The original constitution of the priests, called Pontifices, is ascribed unto Numa, and he himself was, it is said, the first of them; and that they have the name of Pontifices from pons [“bridge”], or, thus, “bridge-makers.” The sacrifices performed on the bridge were among the most sacred and ancient, and the keeping and repairing of the bridge attached, like any other public sacred office, to the priesthood. It was accounted not simply unlawful, but a positive sacrilege, to pull down the wooden bridge; which moreover is said, in obedience to an oracle, to have been built entirely of timber and fastened with wooden pins, without nails or cramps of iron. The office of Pontifex Maximus, or chief priest, was to declare and interpret the divine law.…he not only prescribed rules for public ceremony, but regulated the sacrifices of private persons, not suffering them to vary from established custom, and giving information to everyone of what was requisite for purposes of worship or supplication. He was also guardian of the vestal virgins, the institution of whom, and of their perpetual fire, was attributed to Numa, who, perhaps, fancied the charge of pure and uncorrupted flames would be fitly entrusted to chaste and unpolluted persons, or that fire, which consumes but produces nothing, bears an analogy to the virgin estate.

Some are of opinion that these vestals had no other business than the preservation of this fire; but others conceive that they were keepers of other divine secrets, concealed from all but themselves. Gegania and Verenia, it is recorded, were the names of the first two virgins consecrated and ordained by Numa; Canuleia and Tarpeia succeeded; Servius Tullius afterwards added two, and the number of four has been continued to the present time. The statutes prescribed by Numa for the vestals were these: that they should take a vow of virginity for the space of thirty years, the first ten of which they were to spend in learning their duties, the second ten in performing them, and the remaining ten in teaching and instructing others. Thus the whole term being completed, it was lawful for them to marry, and leaving the sacred order, to choose any condition of life that pleased them. But, of this permission, few, as they say, made use; and in cases where they did so, it was observed that their change was not a happy one, but accompanied ever after with regret and melancholy; so that the greater number, from religious fears and scruples forbore, and continued to old age and death in the strict observance of a single life.

For this condition they were compensated by great privileges and prerogatives: as that they had power to make a will in the lifetime of their father; that they had free administration of their own affairs without guardian or tutor; when they go outside, they have the fasces carried before them; and if in their walks they chance to meet a criminal on his way to execution, it saves his life, upon oath being made that the meeting was accidental, and not concerted or of set purpose. Any one who presses upon the chair on which they are carried is put to death.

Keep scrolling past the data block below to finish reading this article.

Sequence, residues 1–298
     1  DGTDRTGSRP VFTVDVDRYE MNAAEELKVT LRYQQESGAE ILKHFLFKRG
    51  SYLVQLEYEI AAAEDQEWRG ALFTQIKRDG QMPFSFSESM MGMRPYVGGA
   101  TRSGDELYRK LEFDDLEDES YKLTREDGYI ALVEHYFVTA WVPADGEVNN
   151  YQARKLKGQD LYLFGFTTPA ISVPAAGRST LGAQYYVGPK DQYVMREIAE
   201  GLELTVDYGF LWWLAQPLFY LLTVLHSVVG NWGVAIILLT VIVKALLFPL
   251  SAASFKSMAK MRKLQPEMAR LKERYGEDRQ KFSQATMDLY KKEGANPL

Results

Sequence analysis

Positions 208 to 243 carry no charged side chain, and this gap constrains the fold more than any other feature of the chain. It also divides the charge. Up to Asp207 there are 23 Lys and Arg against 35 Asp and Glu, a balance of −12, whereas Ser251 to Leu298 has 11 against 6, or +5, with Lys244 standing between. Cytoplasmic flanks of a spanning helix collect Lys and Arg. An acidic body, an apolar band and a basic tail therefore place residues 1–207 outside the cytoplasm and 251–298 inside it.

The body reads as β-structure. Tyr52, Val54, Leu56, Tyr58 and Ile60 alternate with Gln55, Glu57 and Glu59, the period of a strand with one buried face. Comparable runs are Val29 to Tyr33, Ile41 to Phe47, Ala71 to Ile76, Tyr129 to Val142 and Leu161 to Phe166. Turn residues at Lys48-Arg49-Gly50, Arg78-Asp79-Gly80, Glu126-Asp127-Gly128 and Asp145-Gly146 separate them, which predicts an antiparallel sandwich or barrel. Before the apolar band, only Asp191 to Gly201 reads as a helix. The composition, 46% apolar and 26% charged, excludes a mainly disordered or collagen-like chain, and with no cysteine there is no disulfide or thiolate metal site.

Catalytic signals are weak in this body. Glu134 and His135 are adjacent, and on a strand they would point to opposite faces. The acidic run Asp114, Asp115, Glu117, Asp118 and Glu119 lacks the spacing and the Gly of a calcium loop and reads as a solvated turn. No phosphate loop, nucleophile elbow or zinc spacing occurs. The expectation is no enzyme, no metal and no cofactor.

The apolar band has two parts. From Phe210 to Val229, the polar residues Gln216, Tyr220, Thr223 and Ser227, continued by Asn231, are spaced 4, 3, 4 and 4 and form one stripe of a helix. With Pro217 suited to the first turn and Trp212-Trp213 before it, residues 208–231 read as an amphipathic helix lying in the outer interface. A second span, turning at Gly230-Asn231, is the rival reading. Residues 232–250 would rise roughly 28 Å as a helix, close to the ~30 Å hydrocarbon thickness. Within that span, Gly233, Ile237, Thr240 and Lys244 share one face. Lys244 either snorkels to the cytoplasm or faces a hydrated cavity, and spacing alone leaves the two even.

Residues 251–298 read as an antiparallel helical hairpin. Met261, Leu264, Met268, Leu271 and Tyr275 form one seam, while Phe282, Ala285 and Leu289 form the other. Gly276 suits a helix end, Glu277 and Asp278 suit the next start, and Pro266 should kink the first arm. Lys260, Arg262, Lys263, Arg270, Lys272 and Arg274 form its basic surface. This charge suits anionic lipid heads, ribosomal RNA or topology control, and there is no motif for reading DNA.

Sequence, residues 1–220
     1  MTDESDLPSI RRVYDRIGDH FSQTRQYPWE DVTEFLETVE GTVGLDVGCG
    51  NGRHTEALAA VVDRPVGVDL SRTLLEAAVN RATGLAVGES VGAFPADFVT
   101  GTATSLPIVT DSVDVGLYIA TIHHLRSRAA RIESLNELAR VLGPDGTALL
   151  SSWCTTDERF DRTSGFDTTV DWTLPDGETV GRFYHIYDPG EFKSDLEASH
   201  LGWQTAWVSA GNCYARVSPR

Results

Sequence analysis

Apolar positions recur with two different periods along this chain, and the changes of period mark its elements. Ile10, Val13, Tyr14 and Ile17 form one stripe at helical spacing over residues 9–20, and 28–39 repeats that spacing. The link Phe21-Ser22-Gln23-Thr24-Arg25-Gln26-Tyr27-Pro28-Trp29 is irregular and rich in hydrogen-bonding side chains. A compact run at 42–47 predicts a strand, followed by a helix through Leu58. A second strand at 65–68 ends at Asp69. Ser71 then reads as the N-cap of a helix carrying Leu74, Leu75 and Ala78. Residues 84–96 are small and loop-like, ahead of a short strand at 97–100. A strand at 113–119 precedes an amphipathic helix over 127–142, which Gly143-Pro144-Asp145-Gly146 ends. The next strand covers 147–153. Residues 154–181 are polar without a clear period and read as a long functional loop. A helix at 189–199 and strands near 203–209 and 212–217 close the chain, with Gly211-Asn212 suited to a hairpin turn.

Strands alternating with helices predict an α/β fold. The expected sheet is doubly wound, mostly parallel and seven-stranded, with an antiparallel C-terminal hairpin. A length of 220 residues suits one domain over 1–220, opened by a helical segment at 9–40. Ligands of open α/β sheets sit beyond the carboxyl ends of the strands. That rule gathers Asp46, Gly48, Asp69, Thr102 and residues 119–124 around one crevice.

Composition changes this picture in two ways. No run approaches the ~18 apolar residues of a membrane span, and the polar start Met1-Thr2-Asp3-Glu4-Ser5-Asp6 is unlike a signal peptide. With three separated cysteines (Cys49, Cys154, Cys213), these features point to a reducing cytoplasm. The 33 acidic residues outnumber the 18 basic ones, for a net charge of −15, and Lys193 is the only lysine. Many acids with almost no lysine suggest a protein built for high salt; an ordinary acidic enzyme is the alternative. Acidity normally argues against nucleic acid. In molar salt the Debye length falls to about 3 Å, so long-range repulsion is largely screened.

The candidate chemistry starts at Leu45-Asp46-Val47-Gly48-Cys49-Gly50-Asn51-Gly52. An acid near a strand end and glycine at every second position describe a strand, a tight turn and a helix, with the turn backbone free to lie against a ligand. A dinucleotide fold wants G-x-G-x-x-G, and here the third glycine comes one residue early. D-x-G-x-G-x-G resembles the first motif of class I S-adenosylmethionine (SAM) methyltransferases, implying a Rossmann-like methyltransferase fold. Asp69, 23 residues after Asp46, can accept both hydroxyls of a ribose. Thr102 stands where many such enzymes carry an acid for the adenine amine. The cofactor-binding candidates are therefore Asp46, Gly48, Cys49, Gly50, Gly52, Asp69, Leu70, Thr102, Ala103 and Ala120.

If these vestals commit any minor fault, they are punishable by the Pontifex Maximus only, who whips the offender, sometimes with her clothes off, in a dark place, with a curtain drawn between; but she that has broken her vow of chastity is buried alive near the gate called Collina, where a little mound of earth stands inside the city reaching some little distance, called in Latin agger; under it a narrow room is constructed, to which a descent is made by stairs; here they prepare a bed, and light a lamp, and leave a small quantity of victuals, such as bread, water, a pail of milk, and some oil; that so that body which had been consecrated and devoted to the most sacred service of religion might not be said to perish by such a death as famine. The culprit herself is put in a litter, which they cover over, and tie her down with cords on it, so that nothing she utters may be heard. They then take her to the Forum; all people silently go out of the way as she passes, and such as follow accompany the bier with solemn and speechless sorrow; and, indeed, there is not any spectacle more appalling, nor any day observed by the city with greater appearance of gloom and sadness. When they come to the place of execution, the officers loose the cords, and then the Pontifex Maximus, lifting his hands to heaven, pronounces certain prayers to himself before the act; then he brings out the prisoner, being still covered, and placing her upon the steps that lead down to the cell, turns away his face with the rest of the priests; the stairs are drawn up after she has gone down, and a quantity of earth is heaped up over the entrance to the cell, so as to prevent it from being distinguished from the rest of the mound. This is the punishment of those who break their vow of virginity.